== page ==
The Business Times

Russia says won't cut oil output, sees no price floor

Published Tue, Dec 16, 2014 · 12:29 PM

[DOHA] Russia said on Tuesday it would not cut oil output to help prop up prices and refrained from calling on Opec to do so despite its economy showing signs of severe stress and its currency collapsing to record lows.

Oil prices dropped to near US$59 per barrel on Tuesday for the first time since 2009 after Opec member the United Arab Emirates reinforced on Monday the message from key Gulf producers that Opec would not rush to cut its production to balance the market and alleviate a growing global glut.

Oil prices are now down almost by a half since June due to weak demand and growing supply from the United States in a development putting oil-dependent economies such as Russia and Venezuela under severe strain.

When Opec led by Saudi Arabia decided against cutting output last month, some Opec ministers suggested the cartel could act only in tandem with non-Opec producers such as Russia to help balance the market.

However, Russia has said it would not cut production even if oil prices fell below US$60 per barrel - far below some US$100 a barrel it needs to balance its budget - a message reinforced on Tuesday by energy minister Alexander Novak.

"If we cut, the importer countries will increase their production and this will mean a loss of our niche market," he told reporters on the sidelines of a conference in Doha speaking through an interpreter.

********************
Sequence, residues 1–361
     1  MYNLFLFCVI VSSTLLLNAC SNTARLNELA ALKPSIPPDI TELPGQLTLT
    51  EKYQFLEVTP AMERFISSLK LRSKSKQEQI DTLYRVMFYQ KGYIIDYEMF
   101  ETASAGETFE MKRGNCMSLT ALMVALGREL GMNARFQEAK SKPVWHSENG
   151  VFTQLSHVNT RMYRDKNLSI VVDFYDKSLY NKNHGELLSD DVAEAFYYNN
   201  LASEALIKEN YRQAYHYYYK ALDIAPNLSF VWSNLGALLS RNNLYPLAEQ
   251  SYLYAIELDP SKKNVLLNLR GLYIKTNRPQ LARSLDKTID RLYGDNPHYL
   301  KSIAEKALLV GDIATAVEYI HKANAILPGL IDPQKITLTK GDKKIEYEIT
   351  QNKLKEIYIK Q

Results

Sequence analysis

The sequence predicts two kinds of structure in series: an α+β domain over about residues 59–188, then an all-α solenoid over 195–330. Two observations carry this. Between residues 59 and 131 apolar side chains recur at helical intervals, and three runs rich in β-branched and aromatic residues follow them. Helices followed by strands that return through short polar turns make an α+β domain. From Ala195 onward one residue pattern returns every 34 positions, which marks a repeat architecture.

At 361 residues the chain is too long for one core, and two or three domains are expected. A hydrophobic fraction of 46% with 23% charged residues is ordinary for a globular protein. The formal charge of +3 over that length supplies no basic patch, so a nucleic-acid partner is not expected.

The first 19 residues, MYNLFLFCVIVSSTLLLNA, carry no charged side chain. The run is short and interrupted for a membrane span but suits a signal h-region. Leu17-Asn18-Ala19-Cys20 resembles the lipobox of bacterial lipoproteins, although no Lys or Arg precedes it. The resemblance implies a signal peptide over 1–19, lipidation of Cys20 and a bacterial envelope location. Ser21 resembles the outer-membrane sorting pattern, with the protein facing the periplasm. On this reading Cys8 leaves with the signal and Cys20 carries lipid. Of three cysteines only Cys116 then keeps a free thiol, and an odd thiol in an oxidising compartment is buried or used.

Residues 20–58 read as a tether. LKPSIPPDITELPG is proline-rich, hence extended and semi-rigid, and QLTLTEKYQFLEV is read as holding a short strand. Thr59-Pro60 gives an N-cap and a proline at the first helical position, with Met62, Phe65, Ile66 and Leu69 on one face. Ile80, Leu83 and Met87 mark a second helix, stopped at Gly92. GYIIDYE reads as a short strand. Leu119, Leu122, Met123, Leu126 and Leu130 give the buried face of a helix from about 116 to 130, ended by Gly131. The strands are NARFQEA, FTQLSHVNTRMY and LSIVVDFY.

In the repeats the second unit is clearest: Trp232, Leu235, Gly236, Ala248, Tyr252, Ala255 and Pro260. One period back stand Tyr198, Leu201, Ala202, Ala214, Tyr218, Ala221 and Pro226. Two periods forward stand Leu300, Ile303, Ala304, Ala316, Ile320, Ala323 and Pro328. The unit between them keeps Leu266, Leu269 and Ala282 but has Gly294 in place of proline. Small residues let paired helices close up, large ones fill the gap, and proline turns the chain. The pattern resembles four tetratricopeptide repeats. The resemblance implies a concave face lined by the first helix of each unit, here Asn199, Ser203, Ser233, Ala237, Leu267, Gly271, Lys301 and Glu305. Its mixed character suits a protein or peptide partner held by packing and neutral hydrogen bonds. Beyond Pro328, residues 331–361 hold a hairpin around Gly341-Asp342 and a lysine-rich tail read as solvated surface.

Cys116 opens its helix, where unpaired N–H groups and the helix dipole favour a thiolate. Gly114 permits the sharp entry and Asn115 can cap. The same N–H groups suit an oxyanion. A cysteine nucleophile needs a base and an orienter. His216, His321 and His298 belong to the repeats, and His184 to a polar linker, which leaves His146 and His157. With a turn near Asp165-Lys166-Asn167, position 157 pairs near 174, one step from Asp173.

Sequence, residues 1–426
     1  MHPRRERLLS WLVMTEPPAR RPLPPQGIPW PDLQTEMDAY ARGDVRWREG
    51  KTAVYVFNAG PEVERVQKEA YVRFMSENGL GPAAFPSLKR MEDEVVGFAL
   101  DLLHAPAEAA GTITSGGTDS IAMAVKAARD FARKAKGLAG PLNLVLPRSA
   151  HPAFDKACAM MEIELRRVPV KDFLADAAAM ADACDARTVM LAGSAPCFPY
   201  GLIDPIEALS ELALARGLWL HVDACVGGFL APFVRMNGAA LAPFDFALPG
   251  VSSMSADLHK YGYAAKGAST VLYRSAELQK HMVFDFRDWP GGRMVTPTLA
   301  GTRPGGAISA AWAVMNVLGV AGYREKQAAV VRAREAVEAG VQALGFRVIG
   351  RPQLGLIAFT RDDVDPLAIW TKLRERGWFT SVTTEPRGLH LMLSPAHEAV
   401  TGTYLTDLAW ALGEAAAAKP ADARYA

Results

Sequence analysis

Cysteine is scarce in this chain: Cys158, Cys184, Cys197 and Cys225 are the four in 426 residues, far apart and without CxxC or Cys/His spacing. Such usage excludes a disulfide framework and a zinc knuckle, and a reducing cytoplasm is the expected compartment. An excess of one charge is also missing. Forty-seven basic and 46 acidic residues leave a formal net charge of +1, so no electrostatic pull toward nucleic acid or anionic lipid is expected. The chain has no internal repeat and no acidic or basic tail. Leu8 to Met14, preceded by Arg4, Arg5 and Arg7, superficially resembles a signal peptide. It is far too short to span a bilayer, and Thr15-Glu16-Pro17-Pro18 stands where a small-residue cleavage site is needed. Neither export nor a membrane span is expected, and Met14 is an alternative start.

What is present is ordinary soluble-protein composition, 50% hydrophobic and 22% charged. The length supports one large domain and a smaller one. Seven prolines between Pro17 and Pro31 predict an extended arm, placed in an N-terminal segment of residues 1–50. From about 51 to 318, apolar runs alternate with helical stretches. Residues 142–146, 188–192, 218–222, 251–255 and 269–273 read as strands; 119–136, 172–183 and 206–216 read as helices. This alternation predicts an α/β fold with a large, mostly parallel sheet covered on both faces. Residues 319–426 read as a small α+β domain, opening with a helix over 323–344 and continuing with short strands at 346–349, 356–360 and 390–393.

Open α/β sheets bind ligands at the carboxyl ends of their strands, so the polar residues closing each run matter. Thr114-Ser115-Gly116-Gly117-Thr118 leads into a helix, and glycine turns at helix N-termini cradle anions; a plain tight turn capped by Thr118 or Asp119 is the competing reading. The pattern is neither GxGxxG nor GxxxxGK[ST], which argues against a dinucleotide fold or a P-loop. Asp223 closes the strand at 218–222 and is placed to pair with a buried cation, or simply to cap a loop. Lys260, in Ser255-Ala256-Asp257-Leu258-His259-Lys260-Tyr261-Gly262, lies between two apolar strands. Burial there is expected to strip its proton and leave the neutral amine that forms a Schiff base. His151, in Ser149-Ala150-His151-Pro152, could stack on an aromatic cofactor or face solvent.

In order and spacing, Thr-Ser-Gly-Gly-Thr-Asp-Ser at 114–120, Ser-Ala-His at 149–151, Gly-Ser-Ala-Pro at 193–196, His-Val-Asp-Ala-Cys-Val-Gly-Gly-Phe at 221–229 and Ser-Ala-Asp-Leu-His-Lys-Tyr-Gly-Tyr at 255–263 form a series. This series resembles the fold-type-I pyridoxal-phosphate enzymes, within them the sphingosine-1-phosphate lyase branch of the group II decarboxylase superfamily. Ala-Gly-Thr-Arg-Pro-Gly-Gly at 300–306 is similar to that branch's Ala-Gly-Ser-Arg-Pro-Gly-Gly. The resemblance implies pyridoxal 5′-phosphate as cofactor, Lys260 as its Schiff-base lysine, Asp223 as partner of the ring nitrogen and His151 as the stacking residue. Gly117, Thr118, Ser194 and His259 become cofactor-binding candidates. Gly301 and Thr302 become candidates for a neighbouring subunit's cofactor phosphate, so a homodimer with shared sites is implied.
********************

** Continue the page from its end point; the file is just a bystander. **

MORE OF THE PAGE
"We plan to preserve the plan for 2014 production without any increase or decrease," he said.

His comments came as the rouble fell to a new all-time low despite the central bank's steep rate hike on Monday.

The collapse of the rouble and plunging oil revenue present one of the biggest challenges for President Vladimir Putin during his 15-year rule at a time when the Russian economy is already struggling under Western sanctions over Ukraine.

Mr Novak said Russia, the world's second largest oil exporter after Saudi Arabia, will maintain its output levels even if there was no guarantee prices would not go much lower.

"No one will tell you this," Mr Novak said when asked what was the floor for oil prices.

He also said Russia agreed with the view of Saudi Arabia that the oil market would eventually stabilise itself.

He said oil companies have so far not made any changes to ongoing projects in Russia, but the possibility of them freezing some projects could not be ruled out.

"We have been assessing risks, the production may drop automatically because of the low prices and the decision by oil companies to freeze some of the investment projects," he said.

"Russia is not a country that increases supply to the global market ... and with the growth of domestic consumption export volumes are slightly decreasing," he added.



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